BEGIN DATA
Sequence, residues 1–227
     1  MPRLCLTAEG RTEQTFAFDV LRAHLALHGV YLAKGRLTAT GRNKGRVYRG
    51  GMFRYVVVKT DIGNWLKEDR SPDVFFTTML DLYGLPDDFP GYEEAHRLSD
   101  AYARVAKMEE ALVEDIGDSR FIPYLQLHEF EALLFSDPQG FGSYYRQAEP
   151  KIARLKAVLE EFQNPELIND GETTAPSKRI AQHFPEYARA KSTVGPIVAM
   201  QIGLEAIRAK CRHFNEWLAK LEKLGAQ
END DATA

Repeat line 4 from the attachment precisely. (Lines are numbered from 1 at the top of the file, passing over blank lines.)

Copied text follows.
   101  AYARVAKMEE ALVEDIGDSR FIPYLQLHEF EALLFSDPQG FGSYYRQAEP